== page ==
Patients with migraine headaches are more likely to have comorbid dry eye disease (DED) compared with the general population, according to a recent study. Although this association may not reflect cause and effect if unidentified confounders account for the results, these data suggest that patients with migraine headaches may be at risk of carrying a comorbid diagnosis of DED. This retrospective case-control study included 72,969 patients aged >18 years from University of North Carolina-affiliated health care facilities from May 1, 2008, through May 31, 2018. Researchers found:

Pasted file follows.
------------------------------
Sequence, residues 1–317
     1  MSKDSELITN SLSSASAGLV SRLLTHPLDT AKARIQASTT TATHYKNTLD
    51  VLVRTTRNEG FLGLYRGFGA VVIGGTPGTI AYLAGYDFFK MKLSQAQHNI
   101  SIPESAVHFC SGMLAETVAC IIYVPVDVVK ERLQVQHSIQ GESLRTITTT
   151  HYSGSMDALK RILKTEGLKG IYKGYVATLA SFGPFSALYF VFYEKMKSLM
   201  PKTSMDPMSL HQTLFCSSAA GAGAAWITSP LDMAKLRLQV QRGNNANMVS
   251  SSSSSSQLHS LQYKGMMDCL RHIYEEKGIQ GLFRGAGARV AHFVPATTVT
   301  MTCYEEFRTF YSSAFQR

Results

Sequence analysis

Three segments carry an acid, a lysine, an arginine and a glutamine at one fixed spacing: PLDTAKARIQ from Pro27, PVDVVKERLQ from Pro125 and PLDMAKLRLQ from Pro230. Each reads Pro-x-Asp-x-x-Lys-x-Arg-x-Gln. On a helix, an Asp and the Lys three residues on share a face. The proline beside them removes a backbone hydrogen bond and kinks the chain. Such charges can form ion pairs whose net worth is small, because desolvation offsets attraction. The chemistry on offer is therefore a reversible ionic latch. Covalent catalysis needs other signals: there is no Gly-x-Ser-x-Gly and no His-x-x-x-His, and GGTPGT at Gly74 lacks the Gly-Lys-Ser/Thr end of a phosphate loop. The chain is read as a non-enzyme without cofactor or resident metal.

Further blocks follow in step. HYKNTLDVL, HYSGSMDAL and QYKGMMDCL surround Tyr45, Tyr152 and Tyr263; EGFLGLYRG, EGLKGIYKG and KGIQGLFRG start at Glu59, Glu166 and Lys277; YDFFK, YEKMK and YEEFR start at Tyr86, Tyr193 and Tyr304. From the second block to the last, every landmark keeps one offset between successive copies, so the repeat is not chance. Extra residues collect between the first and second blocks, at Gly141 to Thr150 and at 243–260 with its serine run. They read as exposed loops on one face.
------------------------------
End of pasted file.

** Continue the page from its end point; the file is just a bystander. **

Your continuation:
- The total patient cohort consisted of 41,764 men (57.2%) and 31,205 women (42.8%).
- Of these, 5,352 patients (7.3%) carried a diagnosis of migraine headache, and 9,638 (13.2%) carried a diagnosis of DED.
- The odds of having DED given a diagnosis of migraine headaches was 1.72 times higher than that of patients without migraine headaches.
- After accounting for multiple confounding factors, the odds of having DED given a diagnosis of migraine headaches was 1.42 times higher than that of patients without migraine headaches.
Ismail OM, Poole ZB, Bierly SL, et al. Association between dry eye disease and migraine headaches in a large population-based study. [Published online ahead of print March 7, 2019]. JAMA Ophthalmology. doi:10.1001/jamaophthalmol.2019.0170.